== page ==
The question I’m now asking is about recovery from pain after surgery. We need to start thinking about this in a different way. When our daughter, Laurel, was in labor with her first child, I texted Dr. Pamela Flood, who had created new mathematical models for labor progression. She sent me a link, where I entered Laurel’s age, weight, race, and gestation, and plotted each cervical dilation as reported to us by her husband. Dr. Flood’s model precisely predicted Laurel’s labor course. Obstetricians would scoff at not considering labor a process. Yet we have only rudimentary knowledge of the time course of recovery from pain after surgery—we just say pain is chronic or gone. To better understand this, we measured daily pain for 2 months in several hundred women after cesarean delivery; our modeling showed five patterns.34 When Laurel later had a cesarean delivery, she sent me pain scores for a few days, and I accurately predicted the group she belonged to and her time to pain resolution.
There are other pain syndromes where we do consider recovery as a process. A few years ago my father self-diagnosed a painful rash in a low cervical dermatome as shingles, even though he had received the shingles vaccine. I reassured him that, like the current vaccine for COVID-19, the first-generation shingles vaccine he had received was documented to reduce the likelihood and severity of acute disease and speed recovery, and it did for him. In looking for a vaccine against chronic postsurgical pain, we need clues for the tremendous interindividual variability in patterns of recovery from pain. This is the “I wonder why…?” question.
One clue is the admonition, which appears to be well founded, that you have to work through the pain to get better. This conflicts with modern pain theory that repeated acute pain, such as each step after a knee replacement, causes pain chronicity rather than recovery. To sort this out, we spent a few years gathering preliminary data and brought together a multidisciplinary team of basic and clinical researchers and an external advisory board and received a large team science grant in 2016 that ends in 2022 (National Institutes of Health award No. P01-GM113852).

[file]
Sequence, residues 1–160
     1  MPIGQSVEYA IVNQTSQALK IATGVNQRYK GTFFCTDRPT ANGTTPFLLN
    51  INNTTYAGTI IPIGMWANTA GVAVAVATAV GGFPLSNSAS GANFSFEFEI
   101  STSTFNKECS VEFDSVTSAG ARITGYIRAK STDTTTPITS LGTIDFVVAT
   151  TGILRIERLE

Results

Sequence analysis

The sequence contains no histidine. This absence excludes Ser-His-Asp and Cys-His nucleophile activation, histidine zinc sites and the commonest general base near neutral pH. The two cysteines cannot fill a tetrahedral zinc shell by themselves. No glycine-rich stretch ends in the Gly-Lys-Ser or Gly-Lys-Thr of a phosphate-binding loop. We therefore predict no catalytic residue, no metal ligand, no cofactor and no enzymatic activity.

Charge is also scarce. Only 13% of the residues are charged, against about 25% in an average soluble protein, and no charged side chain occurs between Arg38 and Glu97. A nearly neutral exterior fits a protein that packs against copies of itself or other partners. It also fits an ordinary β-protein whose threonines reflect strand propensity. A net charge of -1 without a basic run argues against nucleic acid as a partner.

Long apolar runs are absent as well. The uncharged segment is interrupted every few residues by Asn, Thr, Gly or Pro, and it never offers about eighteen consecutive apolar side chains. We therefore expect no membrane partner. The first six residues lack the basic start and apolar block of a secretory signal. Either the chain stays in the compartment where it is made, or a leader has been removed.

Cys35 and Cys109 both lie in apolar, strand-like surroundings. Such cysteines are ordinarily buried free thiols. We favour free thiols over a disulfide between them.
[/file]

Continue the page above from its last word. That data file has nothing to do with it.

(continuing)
The underlying hypothesis is simple (fig. 5A). Each step after knee surgery signals pain to the spinal cord and is transmitted to higher centers. Some higher centers send signals back to the spinal cord. These don’t dampen each jolt of pain, but over time, they do help resolve the pain-amplifying sensitization in the spinal cord caused by surgery. In rats, postoperative sensitization is measured by a low threshold to withdrawal from touch, which recovers in about 2 to 3 months, similar to recovery time from postoperative pain in humans. If the descending norepinephrine fibers are destroyed, recovery is blocked.35 We’ve replicated this finding several times, suggesting that this system is critical to recovery in rodents. We then developed a noninvasive way to quantify the transient activation of the norepinephrine system in people via acute pain stimulus and are testing two hypotheses in a multicenter clinical trial with Daniel Sessler, M.D.
The first is that a larger norepinephrine response to acute pain, as measured by our noninvasive test, will predict quicker recovery from pain after knee or hip arthroplasty during the course of 6 months. The second relates to the clear failure of gabapentin to speed postoperative recovery from pain. In 2021, a meta-analysis examined 110 studies in more than 19,000 patients, concluding that the effects of gabapentin were small and of uncertain clinical relevance.36 We have repeatedly shown that gabapentin increases tonic firing in the locus coeruleus in rodents,37 and this makes us think that we might be able to predict patients for whom gabapentin would produce a benefit. In cardiac physiology, we know from the Frank–Starling relationship that IV fluid will improve or worsen stroke volume in patients with heart failure, depending on the starting end-diastolic volume (fig. 5B). Others have shown a similar relationship between tonic activity in the locus coeruleus and its acute response to a stimulus. We hypothesize that gabapentin, by increasing tonic locus coeruleus activity, will increase the acute response with each step during recovery in some individuals, and decrease it in others, depending on the level of tonic activity before gabapentin (fig. 5C). Based on this, we are testing whether knowing each patient’s tonic activity in this system before surgery will allow us to predict preoperatively who might benefit from gabapentin with quicker recovery and who might be harmed by gabapentin.
The other clue comes from the observation that there is a faster recovery from pain after childbirth, including cesarean delivery, than after other major surgical procedures.38 More rapid recovery from injury also occurs in rodents and can be reversed by blockers of oxytocin,39 which is normally released into the blood and into the spinal cord during labor and for weeks after delivery. After several years gathering preliminary data, we formed a multidisciplinary team of investigators from Stanford to Sweden under the leadership of T. Jeff Martin, Ph.D., with advice from experts from Germany to San Francisco to test how oxytocin speeds recovery from injury in rats and to prepare for clinical trials.